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Are State Governments Really Better?

Sunday, March 25th, 2012

Many small-government conservatives believe that the way to cut down the federal government is to let state governments take over some federal government functions.

For example, Rep. Ron Paul of Texas, currently running for the Republican presidential nomination, has proposed turning the design and administration of social welfare programs like Medicaid entirely to the states. He has also proposed eliminating FEMA and all federal disaster relief programs to let the states take care of their own disaster relief. He believes states would have a better understanding of what their citizens need that the federal government does.

Because state governments are closer to the people they govern, the theory goes, they are more responsive to the people and know what they need better than the politicians in far-away Washington. Also, because they operate on a smaller scale, state governments are less likely to become oppressive and corrupt.  That’s the theory, anyway.

In fact, state governments tend to be more corrupt and less “transparent” than the federal government. That’s the finding of the State Integrity Investigation, a project of the Center for Public Integrity, Public Radio International and Global Integrity.

The State Integrity Investigation found that state lawmakers often get away with ethics violations far more easily than Washington politicians do. This is partly because people aren’t paying as much attention to state governments as they pay to the federal government. But the report also found there are states in which ethics panels haven’t met in years, and charges of ethical violations are simply cleared automatically, without investigation.

In Washington, at least, it seems legislatures of one party and forever investigating the other party, and such investigations are reported in news outlets throughout the country. Not so with state government.

Many state governments get little oversight from the public or the press and essentially operate behind closed doors.  Further, lobbyists have more unimpeded access to lawmakers in many states than they do to federal lawmakers. And this fact has not escaped interest groups who want to influence how laws are written.

For example, over the past couple of years people noticed that nearly identical — as in word-for-word with just the name of the state changed — bills were being introduced in several states at the same time. Many of these bills loosened consumer and environmental protection laws. Others also reformed the states’ personal injury, or “tort” laws, making it harder for citizens to sue companies that have injured them.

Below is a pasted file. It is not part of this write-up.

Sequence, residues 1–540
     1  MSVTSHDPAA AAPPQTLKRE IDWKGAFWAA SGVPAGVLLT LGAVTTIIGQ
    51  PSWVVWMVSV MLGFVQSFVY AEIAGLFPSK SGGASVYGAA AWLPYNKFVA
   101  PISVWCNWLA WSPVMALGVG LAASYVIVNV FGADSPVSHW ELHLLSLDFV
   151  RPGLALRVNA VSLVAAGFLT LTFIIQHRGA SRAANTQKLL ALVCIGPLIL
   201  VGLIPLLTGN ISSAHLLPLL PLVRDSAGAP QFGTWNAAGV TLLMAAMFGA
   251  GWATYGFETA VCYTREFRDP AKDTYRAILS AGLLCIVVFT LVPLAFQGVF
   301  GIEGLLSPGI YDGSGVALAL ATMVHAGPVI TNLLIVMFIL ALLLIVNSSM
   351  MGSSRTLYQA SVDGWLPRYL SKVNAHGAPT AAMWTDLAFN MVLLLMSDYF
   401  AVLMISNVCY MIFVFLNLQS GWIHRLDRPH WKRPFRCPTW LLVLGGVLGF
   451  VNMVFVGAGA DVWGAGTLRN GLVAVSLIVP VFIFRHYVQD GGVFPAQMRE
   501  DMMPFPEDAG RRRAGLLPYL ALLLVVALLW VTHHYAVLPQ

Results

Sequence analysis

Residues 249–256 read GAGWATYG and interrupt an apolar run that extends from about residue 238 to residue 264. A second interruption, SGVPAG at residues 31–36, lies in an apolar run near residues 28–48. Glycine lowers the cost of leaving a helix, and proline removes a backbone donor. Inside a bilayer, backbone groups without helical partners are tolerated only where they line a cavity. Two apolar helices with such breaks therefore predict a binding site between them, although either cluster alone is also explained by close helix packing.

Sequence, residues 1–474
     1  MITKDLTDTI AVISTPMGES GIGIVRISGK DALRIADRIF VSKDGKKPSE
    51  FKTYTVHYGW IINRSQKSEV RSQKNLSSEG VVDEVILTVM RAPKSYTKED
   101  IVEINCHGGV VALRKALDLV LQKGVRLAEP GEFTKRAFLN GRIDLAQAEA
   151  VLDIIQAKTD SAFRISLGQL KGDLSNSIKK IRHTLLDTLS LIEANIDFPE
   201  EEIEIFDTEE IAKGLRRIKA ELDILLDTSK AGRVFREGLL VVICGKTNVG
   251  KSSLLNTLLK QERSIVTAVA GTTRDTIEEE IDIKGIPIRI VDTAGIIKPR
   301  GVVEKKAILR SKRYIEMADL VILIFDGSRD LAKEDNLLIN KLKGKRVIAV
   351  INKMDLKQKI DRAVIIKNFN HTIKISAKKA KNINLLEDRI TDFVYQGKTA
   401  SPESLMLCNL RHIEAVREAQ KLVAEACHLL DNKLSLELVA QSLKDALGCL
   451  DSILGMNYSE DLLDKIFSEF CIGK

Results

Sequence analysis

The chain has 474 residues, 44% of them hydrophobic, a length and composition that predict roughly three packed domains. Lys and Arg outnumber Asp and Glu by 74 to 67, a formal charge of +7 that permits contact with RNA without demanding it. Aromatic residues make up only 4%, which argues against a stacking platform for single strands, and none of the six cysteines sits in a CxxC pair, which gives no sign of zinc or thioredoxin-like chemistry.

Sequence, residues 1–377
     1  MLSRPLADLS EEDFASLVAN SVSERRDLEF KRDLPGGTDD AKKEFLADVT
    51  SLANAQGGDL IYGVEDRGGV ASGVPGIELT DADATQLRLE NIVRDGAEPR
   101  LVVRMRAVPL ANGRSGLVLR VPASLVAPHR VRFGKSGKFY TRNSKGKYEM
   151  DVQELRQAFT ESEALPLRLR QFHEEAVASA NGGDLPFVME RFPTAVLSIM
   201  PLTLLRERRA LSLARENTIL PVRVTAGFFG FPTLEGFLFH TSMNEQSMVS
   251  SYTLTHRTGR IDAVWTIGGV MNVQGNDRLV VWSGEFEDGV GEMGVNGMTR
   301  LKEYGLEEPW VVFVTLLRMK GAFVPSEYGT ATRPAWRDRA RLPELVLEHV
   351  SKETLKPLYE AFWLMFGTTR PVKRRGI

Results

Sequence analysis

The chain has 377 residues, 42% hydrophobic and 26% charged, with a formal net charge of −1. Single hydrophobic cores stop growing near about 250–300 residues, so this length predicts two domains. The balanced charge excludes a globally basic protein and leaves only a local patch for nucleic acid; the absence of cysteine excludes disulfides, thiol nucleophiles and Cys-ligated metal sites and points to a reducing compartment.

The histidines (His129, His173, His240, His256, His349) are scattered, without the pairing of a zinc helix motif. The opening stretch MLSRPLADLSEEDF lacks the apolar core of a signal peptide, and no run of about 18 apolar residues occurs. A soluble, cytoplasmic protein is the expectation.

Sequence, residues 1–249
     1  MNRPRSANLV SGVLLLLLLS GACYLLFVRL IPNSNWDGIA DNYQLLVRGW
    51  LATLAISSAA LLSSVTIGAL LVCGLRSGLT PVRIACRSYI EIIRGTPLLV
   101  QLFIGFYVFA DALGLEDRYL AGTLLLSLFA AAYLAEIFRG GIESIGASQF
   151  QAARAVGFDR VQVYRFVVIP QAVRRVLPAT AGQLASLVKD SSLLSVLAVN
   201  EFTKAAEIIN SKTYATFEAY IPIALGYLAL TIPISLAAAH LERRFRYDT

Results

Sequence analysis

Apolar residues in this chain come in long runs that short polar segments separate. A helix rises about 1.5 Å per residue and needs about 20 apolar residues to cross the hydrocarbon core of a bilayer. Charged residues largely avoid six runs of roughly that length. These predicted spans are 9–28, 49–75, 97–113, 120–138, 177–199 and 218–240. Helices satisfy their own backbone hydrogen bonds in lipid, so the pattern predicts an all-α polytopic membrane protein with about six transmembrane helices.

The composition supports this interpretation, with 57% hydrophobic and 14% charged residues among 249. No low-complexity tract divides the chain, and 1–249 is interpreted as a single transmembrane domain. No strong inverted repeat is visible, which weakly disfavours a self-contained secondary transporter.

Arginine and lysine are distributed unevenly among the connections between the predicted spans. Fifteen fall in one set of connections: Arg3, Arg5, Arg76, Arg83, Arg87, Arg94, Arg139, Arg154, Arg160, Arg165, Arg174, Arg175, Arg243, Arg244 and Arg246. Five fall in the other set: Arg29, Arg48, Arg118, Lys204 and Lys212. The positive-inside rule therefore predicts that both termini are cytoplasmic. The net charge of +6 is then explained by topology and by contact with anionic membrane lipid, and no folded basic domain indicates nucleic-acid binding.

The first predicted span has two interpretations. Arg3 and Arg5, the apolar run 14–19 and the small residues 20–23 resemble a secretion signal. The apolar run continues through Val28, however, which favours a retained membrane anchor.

It turns out that the bills were written by an organization called American Legislative Exchange Council, or ALEC. ALEC is organized and funded by several big corporations such as Exxon Mobil and Koch Industries. ALEC invites state lawmakers and their families to all-expenses-paid “conferences” in luxury resorts and gives them the text of bills they want passed. They also teach the lawmakers how to talk about the law to sell it to their constituents.

Last month the governor of Minnesota vetoed four bills that had been written by ALEC. The bills would have made it much harder for citizens to file personal injury lawsuits, meaning that the laws were written to protect ALEC’s corporate sponsors from liability. “I’ve found that Minnesotans do not want their laws written by the lobbyists of big corporations,” Gov. Mark Dayton said.

But hundreds of ALEC bills have been introduced in state legislatures over the past couple of years. More than 50 ALEC bills were introduced in Virginia alone. And a lot of those bills became law without the public knowing much about it.

ALEC wasn’t the first such organization to influence state legislatures. For example, there are a many state-level  “tort reform” groups that present themselves as grass-root citizens’ groups, but which are really organized and funded by frequently sued industries.

In fact, the entire “tort reform” movement initially was the creation of tobacco companies and asbestos manufacturers, who got the ball rolling back in the 1980s. The companies were being sued by people suffering from mesothelioma and other lung cancers.

Generally these “organizations” are whipped up by hired public relations firms, and their paid “citizen activists” are lobbyists by Washington standards. Again, such groups have been responsible for getting state tort reform laws passed all over the country.